Amos Wekesa, the managing director of Great Lakes Safaris, one of the leading tour companies in Uganda, said even if Government needed $30m to market the country to get 3 million tourists, the benefits at the airport alone are ten times the amount of money they would have invested.

“An average tourist eats two eggs every day and spends 8 days in the country. This benefits the hotel industry and common poultry farmer, boosting the entire economy. Government needs to exercise its muscle in erecting tourism infrastructure all around the country if Uganda is to optimally earn from the sector,” he said in a recent interview.

Wekesa called upon Government to establish a fund for erection of tourism infrastructure and promotion, saying it will boost the entire economy and enable the authorities’ replicate earnings that would trickle down to the common man.

Odrek Rwabwogo, the Chairman, Presidential Advisory Committee on Exports and Industrial Development (PACEID), said tourism is a sector which Government can use to bring in the much needed dollars and create an export-led economy in a period of just five years.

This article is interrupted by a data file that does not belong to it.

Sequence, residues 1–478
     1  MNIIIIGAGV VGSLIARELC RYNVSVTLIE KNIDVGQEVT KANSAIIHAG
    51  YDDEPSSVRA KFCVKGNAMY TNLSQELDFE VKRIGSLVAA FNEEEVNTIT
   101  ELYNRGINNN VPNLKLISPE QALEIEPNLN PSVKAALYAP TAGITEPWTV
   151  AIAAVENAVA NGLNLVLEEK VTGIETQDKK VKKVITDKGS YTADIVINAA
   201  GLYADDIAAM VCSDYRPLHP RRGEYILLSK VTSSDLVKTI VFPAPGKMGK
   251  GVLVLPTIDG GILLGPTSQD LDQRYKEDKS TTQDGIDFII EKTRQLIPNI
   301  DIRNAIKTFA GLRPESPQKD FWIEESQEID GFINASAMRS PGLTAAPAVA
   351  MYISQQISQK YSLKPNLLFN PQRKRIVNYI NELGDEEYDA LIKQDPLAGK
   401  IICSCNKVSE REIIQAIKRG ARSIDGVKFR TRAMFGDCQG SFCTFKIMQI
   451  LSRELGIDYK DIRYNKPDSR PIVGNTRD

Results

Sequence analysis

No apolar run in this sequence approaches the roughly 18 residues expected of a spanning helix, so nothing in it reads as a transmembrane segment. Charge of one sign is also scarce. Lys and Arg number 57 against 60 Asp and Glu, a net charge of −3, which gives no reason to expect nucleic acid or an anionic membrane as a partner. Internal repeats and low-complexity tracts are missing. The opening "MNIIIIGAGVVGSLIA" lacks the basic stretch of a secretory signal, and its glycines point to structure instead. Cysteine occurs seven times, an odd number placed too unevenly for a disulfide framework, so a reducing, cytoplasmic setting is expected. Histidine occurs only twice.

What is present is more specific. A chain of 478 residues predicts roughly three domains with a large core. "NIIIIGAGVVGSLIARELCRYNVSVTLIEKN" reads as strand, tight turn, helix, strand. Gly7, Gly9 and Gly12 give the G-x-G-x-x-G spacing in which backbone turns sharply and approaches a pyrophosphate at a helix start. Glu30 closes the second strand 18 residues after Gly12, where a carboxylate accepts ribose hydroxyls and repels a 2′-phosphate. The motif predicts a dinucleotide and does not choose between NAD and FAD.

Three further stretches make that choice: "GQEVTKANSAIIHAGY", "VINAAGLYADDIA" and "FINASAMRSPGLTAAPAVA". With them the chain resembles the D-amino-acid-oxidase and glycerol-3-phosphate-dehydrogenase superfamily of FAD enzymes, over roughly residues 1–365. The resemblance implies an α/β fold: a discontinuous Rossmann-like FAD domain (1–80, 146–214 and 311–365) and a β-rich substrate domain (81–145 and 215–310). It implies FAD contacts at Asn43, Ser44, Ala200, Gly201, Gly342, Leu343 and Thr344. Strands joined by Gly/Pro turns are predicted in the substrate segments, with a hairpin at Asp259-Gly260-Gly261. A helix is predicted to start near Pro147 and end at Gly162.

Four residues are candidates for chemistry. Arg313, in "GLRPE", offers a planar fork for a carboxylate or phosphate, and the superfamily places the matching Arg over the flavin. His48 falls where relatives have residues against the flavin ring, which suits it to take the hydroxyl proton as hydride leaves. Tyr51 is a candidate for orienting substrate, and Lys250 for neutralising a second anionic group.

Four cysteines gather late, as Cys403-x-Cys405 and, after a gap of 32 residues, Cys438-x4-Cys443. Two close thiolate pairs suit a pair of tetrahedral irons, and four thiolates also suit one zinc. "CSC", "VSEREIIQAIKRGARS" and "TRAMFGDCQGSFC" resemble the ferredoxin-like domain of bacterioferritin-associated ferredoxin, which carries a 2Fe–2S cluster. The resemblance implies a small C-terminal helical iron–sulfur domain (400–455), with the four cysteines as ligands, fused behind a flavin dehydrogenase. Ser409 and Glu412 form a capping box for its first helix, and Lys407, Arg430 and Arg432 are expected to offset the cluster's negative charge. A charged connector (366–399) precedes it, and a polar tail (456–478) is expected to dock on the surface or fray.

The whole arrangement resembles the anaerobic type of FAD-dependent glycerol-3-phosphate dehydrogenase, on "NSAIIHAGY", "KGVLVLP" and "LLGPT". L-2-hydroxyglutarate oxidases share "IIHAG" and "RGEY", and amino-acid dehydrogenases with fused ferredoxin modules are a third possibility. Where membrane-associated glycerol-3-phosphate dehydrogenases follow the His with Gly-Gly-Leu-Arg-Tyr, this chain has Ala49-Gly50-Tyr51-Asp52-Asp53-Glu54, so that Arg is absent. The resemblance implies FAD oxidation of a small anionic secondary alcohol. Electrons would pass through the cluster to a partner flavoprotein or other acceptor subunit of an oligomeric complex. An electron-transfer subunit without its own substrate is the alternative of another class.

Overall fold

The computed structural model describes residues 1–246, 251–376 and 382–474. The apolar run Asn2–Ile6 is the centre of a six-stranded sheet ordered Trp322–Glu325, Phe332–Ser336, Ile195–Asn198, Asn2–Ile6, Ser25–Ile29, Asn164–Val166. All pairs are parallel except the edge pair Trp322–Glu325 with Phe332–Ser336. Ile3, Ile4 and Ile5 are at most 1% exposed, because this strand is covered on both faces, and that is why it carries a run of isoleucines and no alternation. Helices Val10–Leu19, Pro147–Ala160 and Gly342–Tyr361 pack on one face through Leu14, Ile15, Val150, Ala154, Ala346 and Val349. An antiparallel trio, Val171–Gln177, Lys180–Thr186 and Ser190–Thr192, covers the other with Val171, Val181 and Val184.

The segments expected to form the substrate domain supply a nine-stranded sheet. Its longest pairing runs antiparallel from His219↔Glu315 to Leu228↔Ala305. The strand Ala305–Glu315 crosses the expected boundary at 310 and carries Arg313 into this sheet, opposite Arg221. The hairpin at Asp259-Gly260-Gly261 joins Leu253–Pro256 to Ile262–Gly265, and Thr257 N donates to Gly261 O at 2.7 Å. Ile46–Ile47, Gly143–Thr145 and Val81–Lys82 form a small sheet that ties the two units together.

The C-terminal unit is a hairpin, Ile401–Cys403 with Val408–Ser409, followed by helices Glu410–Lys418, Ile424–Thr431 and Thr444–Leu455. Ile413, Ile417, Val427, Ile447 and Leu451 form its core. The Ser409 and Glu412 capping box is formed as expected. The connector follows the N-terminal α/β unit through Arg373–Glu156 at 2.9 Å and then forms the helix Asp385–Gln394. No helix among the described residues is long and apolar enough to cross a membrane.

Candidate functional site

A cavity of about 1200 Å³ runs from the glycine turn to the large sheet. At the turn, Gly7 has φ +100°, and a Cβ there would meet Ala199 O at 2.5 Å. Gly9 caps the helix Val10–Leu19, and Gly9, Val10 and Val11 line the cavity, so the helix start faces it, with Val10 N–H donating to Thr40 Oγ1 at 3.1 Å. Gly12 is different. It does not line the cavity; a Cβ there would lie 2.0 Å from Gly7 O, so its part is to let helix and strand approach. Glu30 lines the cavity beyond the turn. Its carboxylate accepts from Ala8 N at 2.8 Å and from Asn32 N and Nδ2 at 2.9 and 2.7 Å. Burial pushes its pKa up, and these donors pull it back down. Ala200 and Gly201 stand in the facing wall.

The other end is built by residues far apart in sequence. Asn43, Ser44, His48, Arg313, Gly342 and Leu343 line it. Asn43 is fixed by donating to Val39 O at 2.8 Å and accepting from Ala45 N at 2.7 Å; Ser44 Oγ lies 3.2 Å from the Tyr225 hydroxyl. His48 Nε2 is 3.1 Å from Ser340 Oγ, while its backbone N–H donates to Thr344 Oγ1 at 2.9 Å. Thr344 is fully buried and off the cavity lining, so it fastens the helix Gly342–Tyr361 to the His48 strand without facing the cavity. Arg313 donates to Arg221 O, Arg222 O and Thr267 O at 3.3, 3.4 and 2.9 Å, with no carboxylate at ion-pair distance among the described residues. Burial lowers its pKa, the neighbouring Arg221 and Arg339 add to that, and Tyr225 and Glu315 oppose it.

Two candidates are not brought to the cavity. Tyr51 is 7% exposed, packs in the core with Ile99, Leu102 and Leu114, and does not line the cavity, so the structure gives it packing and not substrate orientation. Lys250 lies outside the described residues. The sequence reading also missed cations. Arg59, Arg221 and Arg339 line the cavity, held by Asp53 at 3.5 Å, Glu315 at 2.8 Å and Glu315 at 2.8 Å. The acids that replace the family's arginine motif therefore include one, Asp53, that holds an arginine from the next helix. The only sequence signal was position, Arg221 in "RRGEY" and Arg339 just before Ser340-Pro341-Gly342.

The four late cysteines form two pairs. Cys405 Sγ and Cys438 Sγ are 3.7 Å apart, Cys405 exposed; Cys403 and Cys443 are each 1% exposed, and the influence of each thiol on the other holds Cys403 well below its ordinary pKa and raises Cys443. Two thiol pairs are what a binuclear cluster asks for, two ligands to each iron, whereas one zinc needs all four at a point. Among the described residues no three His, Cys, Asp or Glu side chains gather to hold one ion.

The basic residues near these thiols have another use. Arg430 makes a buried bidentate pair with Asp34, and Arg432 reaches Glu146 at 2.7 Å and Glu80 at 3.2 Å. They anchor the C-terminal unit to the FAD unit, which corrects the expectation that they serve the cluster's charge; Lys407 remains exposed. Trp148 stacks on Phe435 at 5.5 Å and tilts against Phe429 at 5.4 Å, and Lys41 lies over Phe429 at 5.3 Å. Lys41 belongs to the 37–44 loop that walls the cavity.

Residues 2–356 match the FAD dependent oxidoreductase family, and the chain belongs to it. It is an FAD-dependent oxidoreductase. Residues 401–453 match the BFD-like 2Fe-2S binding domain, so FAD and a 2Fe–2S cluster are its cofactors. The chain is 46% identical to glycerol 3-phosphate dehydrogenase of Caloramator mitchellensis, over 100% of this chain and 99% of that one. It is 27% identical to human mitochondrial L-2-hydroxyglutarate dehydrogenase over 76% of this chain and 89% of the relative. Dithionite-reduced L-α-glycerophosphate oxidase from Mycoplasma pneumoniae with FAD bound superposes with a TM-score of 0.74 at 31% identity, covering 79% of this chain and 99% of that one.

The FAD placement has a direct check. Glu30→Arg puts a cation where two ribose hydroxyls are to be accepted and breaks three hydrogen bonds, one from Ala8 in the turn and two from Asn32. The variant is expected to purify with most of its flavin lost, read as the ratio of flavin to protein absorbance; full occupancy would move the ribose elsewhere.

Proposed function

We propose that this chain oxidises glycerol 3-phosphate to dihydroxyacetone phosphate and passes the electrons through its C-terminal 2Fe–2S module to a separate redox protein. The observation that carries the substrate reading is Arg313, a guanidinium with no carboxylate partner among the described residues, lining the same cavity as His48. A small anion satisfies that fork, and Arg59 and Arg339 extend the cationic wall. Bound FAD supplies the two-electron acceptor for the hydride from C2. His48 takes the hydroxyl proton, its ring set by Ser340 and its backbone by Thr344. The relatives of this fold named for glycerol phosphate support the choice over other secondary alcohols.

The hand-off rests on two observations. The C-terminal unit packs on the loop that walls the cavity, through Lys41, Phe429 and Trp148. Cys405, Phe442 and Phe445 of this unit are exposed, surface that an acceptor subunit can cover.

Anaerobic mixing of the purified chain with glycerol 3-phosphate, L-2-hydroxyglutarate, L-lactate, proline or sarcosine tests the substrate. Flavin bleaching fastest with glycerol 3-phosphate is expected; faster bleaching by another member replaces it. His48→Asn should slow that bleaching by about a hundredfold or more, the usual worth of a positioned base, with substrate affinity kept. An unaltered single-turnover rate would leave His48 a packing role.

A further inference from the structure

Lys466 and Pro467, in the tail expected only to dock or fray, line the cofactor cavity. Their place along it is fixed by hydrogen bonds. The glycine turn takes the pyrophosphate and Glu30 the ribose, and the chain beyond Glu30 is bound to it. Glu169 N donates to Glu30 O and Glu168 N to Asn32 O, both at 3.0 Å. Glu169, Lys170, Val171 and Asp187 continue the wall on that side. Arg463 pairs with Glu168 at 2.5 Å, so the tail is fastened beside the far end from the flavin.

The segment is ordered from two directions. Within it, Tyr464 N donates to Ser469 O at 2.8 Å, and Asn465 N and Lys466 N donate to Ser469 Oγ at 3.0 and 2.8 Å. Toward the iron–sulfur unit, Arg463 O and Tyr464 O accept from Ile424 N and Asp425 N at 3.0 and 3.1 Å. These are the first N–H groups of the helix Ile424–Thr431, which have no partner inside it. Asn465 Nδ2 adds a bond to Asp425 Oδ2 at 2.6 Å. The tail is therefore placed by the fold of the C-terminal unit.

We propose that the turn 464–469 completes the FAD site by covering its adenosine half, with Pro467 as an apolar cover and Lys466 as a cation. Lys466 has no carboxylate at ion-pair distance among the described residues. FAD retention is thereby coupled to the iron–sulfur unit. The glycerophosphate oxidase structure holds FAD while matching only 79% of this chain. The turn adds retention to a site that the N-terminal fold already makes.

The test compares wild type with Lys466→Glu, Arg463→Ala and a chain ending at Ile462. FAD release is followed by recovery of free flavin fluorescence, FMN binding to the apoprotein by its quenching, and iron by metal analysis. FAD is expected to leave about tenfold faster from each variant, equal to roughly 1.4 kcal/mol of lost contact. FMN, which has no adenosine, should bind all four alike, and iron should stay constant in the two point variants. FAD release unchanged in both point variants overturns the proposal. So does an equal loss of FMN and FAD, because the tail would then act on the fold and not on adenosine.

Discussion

“Tourism is a rife sector ready to be harvested. Our strategy to make Uganda exports earn up to $12b in the next five years can greatly be driven by tourism,” he said in a recent interview.

PACEID has been tasked with improving Uganda’s foreign earnings from the current $6b to $12b and beyond from the prioritised 13 key products which include tourism, coffee, tea, fruits and vegetables, beef, diary, grains, sugar, fish, banana flour, flowers, cement and steel.


While addressing trade representatives, MDA’s and the private sector at the Annual Trade Representative Forum (TRF) at State House Entebbe recently, President Yoweri Museveni hailed Uganda’s climate saying it is the best and favorable for tourists around the world especially now that Uganda is more peaceful than ever before.

“We used to have problems of lack of peace in the past but that stopped long ago. The only issue is now promotion,” he said.